by Max Phillips
The chicken angel hovering over my birth
had early taught me all the smallest harms.
I screamed to have the tiny things cut off.
My mother said, “We can’t. Those are your arms.”
I dream to see her. dry now, on a couch,
turned from me. At seven, my birthday wish
was an aquarium. I hear her voice
rise darkly now through tanks of golden fish.
When older, on my uncle’s farm, I walked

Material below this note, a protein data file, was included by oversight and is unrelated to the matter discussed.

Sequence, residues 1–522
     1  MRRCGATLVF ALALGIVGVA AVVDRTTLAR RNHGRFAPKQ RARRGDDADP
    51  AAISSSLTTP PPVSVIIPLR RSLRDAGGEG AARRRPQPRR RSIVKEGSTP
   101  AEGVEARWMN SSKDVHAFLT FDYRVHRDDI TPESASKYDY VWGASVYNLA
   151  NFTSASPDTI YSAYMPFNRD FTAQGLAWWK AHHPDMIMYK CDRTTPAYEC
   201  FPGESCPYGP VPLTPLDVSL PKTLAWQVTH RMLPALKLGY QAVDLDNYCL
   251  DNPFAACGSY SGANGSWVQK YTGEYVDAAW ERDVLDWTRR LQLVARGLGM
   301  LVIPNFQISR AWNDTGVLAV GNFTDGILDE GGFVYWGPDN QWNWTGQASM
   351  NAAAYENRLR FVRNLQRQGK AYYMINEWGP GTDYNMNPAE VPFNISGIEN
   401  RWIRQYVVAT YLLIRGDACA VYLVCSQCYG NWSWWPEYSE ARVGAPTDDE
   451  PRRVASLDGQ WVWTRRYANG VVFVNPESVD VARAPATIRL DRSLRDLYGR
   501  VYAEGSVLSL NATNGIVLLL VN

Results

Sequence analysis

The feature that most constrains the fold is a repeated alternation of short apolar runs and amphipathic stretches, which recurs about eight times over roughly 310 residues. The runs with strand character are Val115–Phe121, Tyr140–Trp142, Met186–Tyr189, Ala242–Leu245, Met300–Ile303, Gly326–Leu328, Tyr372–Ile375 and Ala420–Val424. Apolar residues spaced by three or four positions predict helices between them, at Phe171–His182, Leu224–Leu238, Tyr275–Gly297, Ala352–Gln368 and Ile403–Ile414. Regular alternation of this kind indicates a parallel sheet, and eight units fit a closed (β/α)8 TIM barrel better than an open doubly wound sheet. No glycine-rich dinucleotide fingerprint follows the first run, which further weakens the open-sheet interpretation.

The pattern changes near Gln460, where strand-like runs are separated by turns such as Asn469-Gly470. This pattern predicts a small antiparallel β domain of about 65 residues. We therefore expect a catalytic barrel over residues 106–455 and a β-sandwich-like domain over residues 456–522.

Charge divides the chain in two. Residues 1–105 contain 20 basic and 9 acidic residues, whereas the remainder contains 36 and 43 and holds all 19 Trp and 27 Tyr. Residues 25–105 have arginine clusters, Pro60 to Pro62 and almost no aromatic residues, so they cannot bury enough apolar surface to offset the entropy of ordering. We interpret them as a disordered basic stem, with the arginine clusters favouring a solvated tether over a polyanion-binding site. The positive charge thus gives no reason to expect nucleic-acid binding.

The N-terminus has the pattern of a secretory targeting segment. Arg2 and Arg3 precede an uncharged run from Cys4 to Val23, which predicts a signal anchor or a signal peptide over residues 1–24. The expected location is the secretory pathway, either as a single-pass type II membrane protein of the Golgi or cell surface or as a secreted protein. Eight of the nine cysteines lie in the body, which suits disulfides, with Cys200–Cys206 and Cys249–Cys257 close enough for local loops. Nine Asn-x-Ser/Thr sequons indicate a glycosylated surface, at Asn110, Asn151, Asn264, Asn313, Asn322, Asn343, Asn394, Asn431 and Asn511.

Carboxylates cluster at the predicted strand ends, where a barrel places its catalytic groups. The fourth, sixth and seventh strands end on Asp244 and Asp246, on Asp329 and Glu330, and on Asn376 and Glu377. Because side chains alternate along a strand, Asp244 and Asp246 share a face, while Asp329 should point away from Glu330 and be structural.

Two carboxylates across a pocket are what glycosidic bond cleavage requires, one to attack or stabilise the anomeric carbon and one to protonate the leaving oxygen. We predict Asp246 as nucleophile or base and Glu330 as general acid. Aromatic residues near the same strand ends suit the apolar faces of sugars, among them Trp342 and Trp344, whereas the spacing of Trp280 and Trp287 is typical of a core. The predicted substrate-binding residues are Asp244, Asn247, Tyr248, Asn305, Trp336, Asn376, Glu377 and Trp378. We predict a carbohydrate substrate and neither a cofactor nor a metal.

with animals, observed their flightless grace.
My uncle, on a ladder, held a fist
of silver nails before his flaming face.
Blue as the pills my mother took for me,
the car that took me off to better things
had darker rising windows than the sea
and leather armrests. Nowadays, my wings
fold tighter, further backward into me.
I speak with doctors. Underneath the blade
I sleep akimbo. Later, swathed in white,
my partial form is ushered into shade.
I live in shade like water. Now the farm
is burned. My goldfish hang extinct in air.
And I, with the small fins disuse has grown,
swim forward, to a body quite my own.